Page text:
To diagnose resistant hypertension using self-measured blood pressure (BP) at home and office BP, and to evaluate the characteristics of resistant hypertensive patients.
The subjects were 528 hypertensive patients taking at least three or more different antihypertensive drugs. Subjects were classified into four groups (controlled hypertension, isolated office resistant hypertension, isolated home resistant hypertension and sustained resistant hypertension) on the basis of the cut-off values of home BP (135/85 mmHg) and office BP (140/90 mmHg). The relationship between each resistant hypertension group and various factors was analysed using univariate and multivariate analyses.
Of the 528 patients, 17.8% were classified with controlled hypertension, 16.1% with isolated office resistant hypertension, 23.5% with isolated home resistant hypertension and 42.6% with sustained resistant hypertension. The presence of hypercholesterolemia was found to have a significant and independent association with isolated office resistant hypertension. Higher office systolic blood pressure (SBP), a past history of ischaemic heart disease, and a lower prescription rate of potassium-sparing diuretics were found to have a significant and independent association with isolated home resistant hypertension. Patients with sustained resistant hypertension had a significantly lower prescription rate of potassium-sparing diuretics than those with controlled hypertension.
The present study demonstrated that resistant hypertension is mediated at least partly by the white-coat effect. Home BP measurements and other relevant factors associated with resistant hypertension, such as relatively higher office SBP, type of drugs prescribed, and cardiovascular complications, should be taken into account for the diagnosis and treatment of resistant hypertension.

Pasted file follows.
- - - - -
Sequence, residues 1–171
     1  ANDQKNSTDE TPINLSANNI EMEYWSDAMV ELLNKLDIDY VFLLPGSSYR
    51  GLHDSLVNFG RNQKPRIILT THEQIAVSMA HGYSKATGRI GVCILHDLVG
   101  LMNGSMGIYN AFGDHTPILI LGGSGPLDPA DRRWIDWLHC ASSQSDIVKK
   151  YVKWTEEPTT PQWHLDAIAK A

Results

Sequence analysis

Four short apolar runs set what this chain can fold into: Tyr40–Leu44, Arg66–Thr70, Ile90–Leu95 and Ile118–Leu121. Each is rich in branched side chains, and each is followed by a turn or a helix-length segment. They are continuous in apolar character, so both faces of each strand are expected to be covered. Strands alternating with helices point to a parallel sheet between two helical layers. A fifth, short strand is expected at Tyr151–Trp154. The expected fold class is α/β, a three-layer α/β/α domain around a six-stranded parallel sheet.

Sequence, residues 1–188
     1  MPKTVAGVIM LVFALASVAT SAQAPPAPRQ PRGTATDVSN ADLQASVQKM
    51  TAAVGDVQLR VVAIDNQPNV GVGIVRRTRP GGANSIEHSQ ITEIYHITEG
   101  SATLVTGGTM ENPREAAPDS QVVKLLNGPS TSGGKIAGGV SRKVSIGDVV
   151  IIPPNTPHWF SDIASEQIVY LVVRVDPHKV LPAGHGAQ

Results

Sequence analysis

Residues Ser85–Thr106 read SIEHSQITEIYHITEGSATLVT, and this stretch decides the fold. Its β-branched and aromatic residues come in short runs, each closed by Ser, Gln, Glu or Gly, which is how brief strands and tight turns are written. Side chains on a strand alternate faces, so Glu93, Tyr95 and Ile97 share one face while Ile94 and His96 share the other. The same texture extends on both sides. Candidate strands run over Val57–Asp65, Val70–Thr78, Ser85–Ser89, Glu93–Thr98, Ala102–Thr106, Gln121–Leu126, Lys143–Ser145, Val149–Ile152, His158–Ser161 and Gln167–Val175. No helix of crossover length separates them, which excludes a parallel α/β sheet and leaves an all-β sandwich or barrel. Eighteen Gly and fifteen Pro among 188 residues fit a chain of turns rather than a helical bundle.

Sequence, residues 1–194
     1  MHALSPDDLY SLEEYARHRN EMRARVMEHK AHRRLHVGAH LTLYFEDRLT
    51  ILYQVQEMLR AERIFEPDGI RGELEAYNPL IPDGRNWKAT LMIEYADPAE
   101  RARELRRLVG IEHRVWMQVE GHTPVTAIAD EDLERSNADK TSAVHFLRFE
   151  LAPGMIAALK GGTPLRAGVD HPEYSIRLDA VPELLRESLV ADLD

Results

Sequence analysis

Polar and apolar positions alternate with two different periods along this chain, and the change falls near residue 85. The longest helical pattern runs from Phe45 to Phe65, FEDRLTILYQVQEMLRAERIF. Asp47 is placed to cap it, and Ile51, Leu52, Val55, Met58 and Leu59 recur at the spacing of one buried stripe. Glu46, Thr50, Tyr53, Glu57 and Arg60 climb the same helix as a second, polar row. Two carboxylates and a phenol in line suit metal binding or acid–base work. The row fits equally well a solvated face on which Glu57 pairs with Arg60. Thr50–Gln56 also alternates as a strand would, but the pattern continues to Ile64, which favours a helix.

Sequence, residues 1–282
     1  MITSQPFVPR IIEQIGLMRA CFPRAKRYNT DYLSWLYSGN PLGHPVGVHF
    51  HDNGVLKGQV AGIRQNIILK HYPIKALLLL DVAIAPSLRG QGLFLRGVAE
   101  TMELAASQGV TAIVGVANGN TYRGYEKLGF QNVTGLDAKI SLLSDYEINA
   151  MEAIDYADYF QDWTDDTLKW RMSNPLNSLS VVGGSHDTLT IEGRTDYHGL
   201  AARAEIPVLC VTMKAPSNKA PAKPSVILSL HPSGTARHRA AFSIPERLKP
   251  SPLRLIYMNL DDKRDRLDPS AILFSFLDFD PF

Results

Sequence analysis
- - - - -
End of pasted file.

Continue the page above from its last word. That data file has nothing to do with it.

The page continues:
aDepartments of Clinical Pharmacology and Therapeutics, Japan
bPlanning for Drug Development and Clinical Evaluation, Tohoku University Graduate School of Pharmaceutical Science and Medicine, Japan
cTohoku University 21st Century COE Program ‘Comprehensive Research and Education Center for Planning of Drug Development and Clinical Evaluation’, Sendai, Japan
Received 7 November, 2005
Accepted 26 April, 2006
Correspondence and requests for reprints to Takayoshi Ohkubo, MD, PhD, Department of Planning for Drug Development and Clinical Evaluation, Tohoku University Graduate School of Pharmaceutical Science, 1-1 Seiryo-cho, Aobaku, Sendai, 980-8574, Japan Tel: +81 22 717 8590; fax: +81 22 717 8591; e-mail: email@example.com
Sponsorship: This work was supported by health science research grants on health services (13072101, H12-Medical Care-002) from the Ministry of Health, Labor and Welfare, and by Nouvelle Place Inc., Japan.